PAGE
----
Saturday, April 02, 2011

Take a Boogie Woogie Ride With Gene Taylor

Pianist/vocalist Gene Taylor may be best known for his stint in The Fabulous Thunderbirds, but before that he was an important component of that legendary roots rock band, The Blasters. Prior to that he had a stint with James Harman and according to Wikipedia he is currently living in Belgium. That perhaps might explain why the Spanish El Toro label has just issued his new recording Let Me Ride In Your Automobile backed by the Dutch band, CC Jerome’s Jet Setters with Nick Curran make a couple guest appearances.

The recording opens with some rollicking piano on
Evangeline Stomp with some ripping tenor sax from Martijn Van Toor and rocking guitar riffs with Taylor’s overdubbed organ adding to the full sound. He follows with some terrific Pete Johnson styled boogie woogie piano and a solid vocal on Rockin’ Little Honey,” with crisp rocking guitar added for a tough performance.” Just a Midnight Girl is a mid-tempo number with a rumba groove (like some of Tampa Red’s latter recordings) and a nice brief harp solo followed by “The Golden Rule,” a rocker with Nick Curran’s stinging guitar has a pointed lyric about he with all the gold makes the rules followed by a strong jump blues rendition of the classic hillbilly boogie, Moon Mullican’s Seven Nights To Rock, with a strong guitar solo from Jeroen Van Gasteren before Taylor’s fluid boogie playing. 

Never Took the Time, is a driving performance with a lyric about a faltering relationship with strong solos and ensemble playing, whereas The Blues For Me has a low-key, rustic feel in comparison with his lament about aspects of modern life. The Walkout has a bit of rockabilly flavor an insistent beat and is followed by three covers. First up is Big Walter Price’s Shirley Jean, which is a nice swamp pop performance. It is followed by a lively version of Johnny “Guitar’ Watson’s Motorhead Baby, greatly accelerating the tempo from Watson’s original into a rocking jump blues with plenty of boogie woogie blues. Let Me Ride In Your Automobile, which dates back to at least 1940 and Big Bill Broonzy. Taylor’s performance derives from Lowell Fulson’s recording (and Fulson receives the composer credit, and has a fine vocal that effectively highlights the wit of the double-entendre lyrics. Flying With Whitey is a instrumental that closes this recording on a hot jitter-bugging note.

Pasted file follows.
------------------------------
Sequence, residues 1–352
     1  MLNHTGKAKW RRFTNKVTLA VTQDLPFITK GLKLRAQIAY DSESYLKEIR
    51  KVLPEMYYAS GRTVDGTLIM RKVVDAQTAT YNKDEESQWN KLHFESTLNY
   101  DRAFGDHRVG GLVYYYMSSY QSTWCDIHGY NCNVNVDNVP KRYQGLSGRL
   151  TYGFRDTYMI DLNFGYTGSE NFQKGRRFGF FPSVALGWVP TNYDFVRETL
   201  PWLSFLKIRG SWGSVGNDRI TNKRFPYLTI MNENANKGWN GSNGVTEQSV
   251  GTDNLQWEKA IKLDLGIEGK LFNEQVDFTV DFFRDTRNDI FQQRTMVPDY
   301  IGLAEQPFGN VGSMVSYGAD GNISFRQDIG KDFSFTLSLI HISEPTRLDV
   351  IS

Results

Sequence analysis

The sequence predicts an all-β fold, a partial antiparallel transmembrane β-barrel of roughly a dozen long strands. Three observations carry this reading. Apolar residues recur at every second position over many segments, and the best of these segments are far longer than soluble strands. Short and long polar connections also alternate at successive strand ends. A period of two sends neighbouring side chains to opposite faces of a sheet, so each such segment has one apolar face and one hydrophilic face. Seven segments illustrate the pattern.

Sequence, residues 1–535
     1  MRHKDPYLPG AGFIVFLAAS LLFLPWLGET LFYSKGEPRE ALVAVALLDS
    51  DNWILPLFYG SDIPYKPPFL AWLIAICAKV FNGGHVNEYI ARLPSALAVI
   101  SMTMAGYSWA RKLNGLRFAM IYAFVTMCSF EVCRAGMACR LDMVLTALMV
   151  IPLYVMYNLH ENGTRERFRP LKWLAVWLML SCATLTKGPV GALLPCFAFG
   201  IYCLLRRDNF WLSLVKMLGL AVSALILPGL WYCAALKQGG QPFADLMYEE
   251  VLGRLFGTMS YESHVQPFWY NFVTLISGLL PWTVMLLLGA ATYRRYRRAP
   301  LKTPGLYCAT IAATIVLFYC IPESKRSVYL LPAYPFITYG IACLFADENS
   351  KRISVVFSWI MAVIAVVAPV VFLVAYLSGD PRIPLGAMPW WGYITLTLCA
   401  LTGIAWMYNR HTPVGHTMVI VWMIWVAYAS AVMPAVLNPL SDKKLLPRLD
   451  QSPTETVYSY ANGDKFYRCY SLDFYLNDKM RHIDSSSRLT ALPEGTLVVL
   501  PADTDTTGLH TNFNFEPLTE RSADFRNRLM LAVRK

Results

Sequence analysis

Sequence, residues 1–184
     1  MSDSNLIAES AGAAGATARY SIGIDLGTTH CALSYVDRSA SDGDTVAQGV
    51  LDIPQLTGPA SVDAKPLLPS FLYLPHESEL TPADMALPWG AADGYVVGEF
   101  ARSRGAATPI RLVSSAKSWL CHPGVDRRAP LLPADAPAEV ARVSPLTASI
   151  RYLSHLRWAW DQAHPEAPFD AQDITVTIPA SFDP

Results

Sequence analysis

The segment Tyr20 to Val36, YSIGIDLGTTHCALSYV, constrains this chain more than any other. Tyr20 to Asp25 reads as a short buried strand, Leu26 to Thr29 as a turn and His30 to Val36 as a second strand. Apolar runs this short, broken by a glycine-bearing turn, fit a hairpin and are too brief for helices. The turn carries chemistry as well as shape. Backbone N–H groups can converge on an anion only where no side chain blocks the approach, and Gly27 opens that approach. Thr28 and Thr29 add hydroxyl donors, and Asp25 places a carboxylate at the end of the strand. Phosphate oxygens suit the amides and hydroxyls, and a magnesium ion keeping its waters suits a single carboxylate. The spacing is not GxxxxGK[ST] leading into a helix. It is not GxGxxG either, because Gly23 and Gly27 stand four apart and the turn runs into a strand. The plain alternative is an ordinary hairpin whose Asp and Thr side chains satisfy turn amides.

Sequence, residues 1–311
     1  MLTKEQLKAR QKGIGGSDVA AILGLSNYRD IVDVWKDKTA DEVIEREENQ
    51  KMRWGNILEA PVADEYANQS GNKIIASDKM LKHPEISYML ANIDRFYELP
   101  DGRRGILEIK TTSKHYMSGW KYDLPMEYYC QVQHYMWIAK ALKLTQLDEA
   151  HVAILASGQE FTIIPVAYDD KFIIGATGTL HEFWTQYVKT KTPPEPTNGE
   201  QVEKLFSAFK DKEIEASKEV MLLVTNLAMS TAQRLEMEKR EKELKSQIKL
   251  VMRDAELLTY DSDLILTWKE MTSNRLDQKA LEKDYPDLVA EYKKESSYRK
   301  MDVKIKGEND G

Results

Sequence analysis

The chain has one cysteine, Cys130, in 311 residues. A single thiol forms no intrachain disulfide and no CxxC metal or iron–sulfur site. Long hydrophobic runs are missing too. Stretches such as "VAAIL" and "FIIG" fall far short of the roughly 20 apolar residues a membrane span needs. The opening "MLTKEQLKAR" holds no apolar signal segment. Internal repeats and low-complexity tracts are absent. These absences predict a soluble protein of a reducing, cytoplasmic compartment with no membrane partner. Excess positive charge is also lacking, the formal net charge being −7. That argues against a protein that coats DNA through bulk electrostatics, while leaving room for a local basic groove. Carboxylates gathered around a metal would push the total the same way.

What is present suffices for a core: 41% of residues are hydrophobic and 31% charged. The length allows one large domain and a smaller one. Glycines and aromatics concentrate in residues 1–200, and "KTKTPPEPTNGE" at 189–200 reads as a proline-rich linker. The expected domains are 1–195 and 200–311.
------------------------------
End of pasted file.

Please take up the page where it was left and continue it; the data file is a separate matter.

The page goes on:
Taylor’s originals are solid and idiomatic, his vocals are unforced and the Jet Setters know the difference between rock and roll and hard rock. I have enjoyed Taylor’s work when I have seen him play, so I am not surprised his has put out such a strong a strong blues and roots rock album. I bought it from, although it is available from amazon and cdbaby, so should be relatively easy to find.

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